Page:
Food first advice for adults with a small appetite

Help and support for small appetites

You may have a poor appetite or have been eating less due to feeling unwell. If you are not getting enough nutrition to meet your body’s needs you will lose weight and could be at risk of malnutrition.

Malnutrition makes it more difficult for the body to fight illness and infection. It can make us feel weak, tired and low in mood. To treat malnutrition we need to increase the energy or calories, protein and overall nutrients that we eat and drink.

This page provides advice on increasing your intake using ordinary foods and by making simple changes to your meals, snacks and drinks. Although some of the foods and drinks on this page may usually be considered unhealthy, they are recommended until your appetite and weight improve. These foods are energy-dense and can help to reduce your risk of malnutrition.

If you have diabetes, it is preferable to fortify your food with protein and fats rather adding extra sugar or including more sugary foods. This will help to minimise the impact on your blood glucose levels. If you normally check your blood glucose levels and further to making these dietary changes find that they are higher than your target range, please contact your GP or diabetes nurse for advice regarding your diabetes management. Please read our food first diabetes leaflet (PDF, 196 KB) for more information.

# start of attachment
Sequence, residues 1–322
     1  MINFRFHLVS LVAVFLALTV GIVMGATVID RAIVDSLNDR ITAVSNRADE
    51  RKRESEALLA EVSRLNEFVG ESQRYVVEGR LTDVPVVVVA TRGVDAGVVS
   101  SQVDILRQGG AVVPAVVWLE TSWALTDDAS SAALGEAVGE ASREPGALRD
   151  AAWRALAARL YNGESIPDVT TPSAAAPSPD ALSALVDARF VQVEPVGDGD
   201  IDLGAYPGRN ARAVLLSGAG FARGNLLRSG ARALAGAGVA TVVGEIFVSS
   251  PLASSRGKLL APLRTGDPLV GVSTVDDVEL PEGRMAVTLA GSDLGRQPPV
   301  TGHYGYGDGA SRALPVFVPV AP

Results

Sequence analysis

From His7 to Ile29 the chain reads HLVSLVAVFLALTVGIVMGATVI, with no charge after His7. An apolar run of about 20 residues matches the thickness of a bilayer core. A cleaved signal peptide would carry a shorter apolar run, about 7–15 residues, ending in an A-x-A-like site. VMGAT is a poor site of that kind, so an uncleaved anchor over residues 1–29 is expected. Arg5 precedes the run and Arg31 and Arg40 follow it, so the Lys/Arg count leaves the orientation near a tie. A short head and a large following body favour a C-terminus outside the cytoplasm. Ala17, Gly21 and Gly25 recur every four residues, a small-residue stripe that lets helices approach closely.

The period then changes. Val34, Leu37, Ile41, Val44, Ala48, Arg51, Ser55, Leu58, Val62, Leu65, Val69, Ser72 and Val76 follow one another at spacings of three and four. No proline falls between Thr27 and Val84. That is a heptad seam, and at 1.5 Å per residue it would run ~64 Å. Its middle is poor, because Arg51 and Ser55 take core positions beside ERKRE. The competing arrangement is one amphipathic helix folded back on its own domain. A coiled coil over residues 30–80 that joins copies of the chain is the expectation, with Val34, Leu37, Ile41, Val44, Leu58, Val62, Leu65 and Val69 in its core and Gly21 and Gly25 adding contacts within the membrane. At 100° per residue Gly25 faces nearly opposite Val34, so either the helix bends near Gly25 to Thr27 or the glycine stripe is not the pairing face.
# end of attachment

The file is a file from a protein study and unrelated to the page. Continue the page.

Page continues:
What foods should I choose if I have a small appetite?

Helpful tips for adults with a small appetite

  • Try eating little and often. Aim for 3 small meals and 2 to 3 snacks between meals.
  • Allow plenty of time to eat and take your time.
  • Try ready-meals if you have difficulty cooking or preparing meals, either bought from the supermarket or from a meal-delivery service.
  • Softer, moist foods can be easier to manage, especially if you feel weak or tired.
  • Some fresh air and gentle exercise may help stimulate your appetite.
  • Avoid having drinks just before meals as they can make you feel full. Have drinks after your meal or between meals instead.

Choose your favourite foods, eating foods you enjoy can help you eat more. Try to eat a variety of foods to make sure you get a range of nutrients.